Photo by Natalia Salas
“Tense,” “Frustrated” and “Angry” were all words that participants of the learning simulation shouted out when they were asked how they felt after the activities. This simulation was put on by Trinity Diversity Connection, in collaboration with TEACH, The Winston School and Trinity University’s Departments of Education and Psychology in order to raise awareness about the learning disabilities that our peers have, but that often go unnoticed.
After participating in this event, I can confirm that the activities were, in fact, tense and frustrating. The simulation was composed of five different “tests” that were designed to mimic some of the obstacles that students with learning disabilities are hindered by in their classrooms in traditional schooling. It’s important to note, however, that this was what they called “worse case scenario.” This means that some of the obstacles were taken to an extreme in order to gain sympathy from the participants.
We were first given a spelling test in which we had to write down a set of words that were, to me, incomprehensible, three different times from an audio recording. Then, we were randomly called on to read a short passage with all the letters mixed up and very blurry. When students couldn’t read the passage, the “teachers” became visibly disappointed and publicly shamed the students who couldn’t read it perfectly.
We were then separated into groups and did a rotation of rooms where there was a different test in each. The point here was to give us near-impossible tasks to complete while the people playing “bad teachers” yelled in our faces to do better. Many students were clearly frustrated with the tests and with the way they were being treated by the teachers.
This simulation did meet its goal — to raise awareness about the struggles that kids with learning disabilities face in their everyday school life. The tests were extremely anxiety inducing, even with the stakes so low.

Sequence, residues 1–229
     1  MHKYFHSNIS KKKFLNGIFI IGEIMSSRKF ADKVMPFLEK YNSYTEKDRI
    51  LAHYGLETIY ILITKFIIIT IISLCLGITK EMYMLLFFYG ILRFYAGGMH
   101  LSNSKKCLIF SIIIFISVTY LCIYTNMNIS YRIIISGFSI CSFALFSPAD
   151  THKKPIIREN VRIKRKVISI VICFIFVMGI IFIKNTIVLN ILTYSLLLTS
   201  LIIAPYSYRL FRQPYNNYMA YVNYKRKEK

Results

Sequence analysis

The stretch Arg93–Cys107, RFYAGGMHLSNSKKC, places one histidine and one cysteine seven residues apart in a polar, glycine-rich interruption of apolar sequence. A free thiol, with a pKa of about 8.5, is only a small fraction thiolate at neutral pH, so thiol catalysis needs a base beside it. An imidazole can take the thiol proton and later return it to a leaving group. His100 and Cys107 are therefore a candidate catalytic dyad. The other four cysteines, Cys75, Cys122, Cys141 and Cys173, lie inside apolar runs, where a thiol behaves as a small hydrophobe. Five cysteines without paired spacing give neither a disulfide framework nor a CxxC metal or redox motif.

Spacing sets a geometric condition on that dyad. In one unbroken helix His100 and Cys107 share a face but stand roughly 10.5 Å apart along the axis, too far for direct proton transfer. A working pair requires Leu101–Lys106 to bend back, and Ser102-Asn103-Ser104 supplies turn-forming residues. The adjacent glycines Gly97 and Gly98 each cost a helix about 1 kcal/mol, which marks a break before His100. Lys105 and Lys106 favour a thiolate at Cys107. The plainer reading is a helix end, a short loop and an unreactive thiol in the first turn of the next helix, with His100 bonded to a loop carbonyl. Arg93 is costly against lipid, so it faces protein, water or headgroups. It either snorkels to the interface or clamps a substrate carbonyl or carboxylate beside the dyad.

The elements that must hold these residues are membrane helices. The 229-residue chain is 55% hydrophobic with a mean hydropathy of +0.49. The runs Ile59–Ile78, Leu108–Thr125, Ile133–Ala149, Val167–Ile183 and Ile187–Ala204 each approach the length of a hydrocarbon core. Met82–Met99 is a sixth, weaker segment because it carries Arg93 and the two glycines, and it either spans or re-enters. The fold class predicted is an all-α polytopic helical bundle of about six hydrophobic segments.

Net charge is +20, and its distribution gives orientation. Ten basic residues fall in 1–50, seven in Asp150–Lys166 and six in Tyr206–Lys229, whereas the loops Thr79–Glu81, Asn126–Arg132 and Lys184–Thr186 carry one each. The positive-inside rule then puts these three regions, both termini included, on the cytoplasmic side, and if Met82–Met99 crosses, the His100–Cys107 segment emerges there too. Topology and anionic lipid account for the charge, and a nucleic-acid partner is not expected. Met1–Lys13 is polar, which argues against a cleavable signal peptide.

It made me think of how hard finding motivation for schoolwork was sometimes, even without a learning disability. I thought if I were a child and this is what I went through every day of my life for years and no one made the effort to help, I would’ve lost motivation for school a long time ago.
However, there were some flaws, and arguably, controversies surrounding the simulation. First and foremost, that it’s just that — a simulation. It is impossible to claim that you know what something is like just because you went through it for 15 minutes at a time over two hours on a single day of your young adult life. Growing up and having to figure out how to navigate a learning disability without necessarily having a way to express what you’re feeling is a much different experience.
It’s also important to note that disabilities of any kind are not the same for everyone and that each person who experiences something like that will have a completely different story to tell. Every kid with a learning disability will also have varying levels of support at school and at home. Because of that, I think it’s crucial to point out that accessibility to accommodations and ways of coping with learning disabilities in general are not at all equal across the board.
Heather Haynes-Smith, assistant professor of education, explained that Texas has a history of denying kids access to special education. In fact, the Texas Education Agency (TEA) will deliberately fail to provide Free Appropriate Public Education (FAPE) to Texas students until 2020. While some parents will have the resources to provide their kids with the accommodations they need, this won’t be the case for the majority of students with learning differences who have no choice but to attend public schools.
San Antonio, for example, has a private school exclusively meant for kids with learning differences called The Winston School. While I think it’s great that the students with disabilities are given the attention they need and deserve in order to have the opportunity to excel in school, we still need to ask ourselves who it is that gets these opportunities.
According to Haynes-Smith, it’s extremely important not only to be aware of these differences, but to be willing to ask ourselves what implicit biases we have toward people with learning differences. We should all be aware that just because some disabilities aren’t physically visible doesn’t mean that they are any less worthy of our understanding and support as a community, especially in learning environments.